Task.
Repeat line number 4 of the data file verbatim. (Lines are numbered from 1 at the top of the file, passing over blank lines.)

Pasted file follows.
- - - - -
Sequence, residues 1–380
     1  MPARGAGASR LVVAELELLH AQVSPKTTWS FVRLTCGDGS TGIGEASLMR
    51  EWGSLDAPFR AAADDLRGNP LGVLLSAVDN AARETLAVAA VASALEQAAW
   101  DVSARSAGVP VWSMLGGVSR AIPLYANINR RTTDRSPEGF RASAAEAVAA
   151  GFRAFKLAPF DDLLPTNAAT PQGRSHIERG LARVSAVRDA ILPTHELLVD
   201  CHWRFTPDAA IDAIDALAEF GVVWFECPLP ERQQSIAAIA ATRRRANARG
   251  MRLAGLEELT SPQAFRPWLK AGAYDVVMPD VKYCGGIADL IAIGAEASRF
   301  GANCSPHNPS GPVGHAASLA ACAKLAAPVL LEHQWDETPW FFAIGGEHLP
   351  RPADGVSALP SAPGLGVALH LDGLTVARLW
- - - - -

   101  DVSARSAGVP VWSMLGGVSR AIPLYANINR RTTDRSPEGF RASAAEAVAA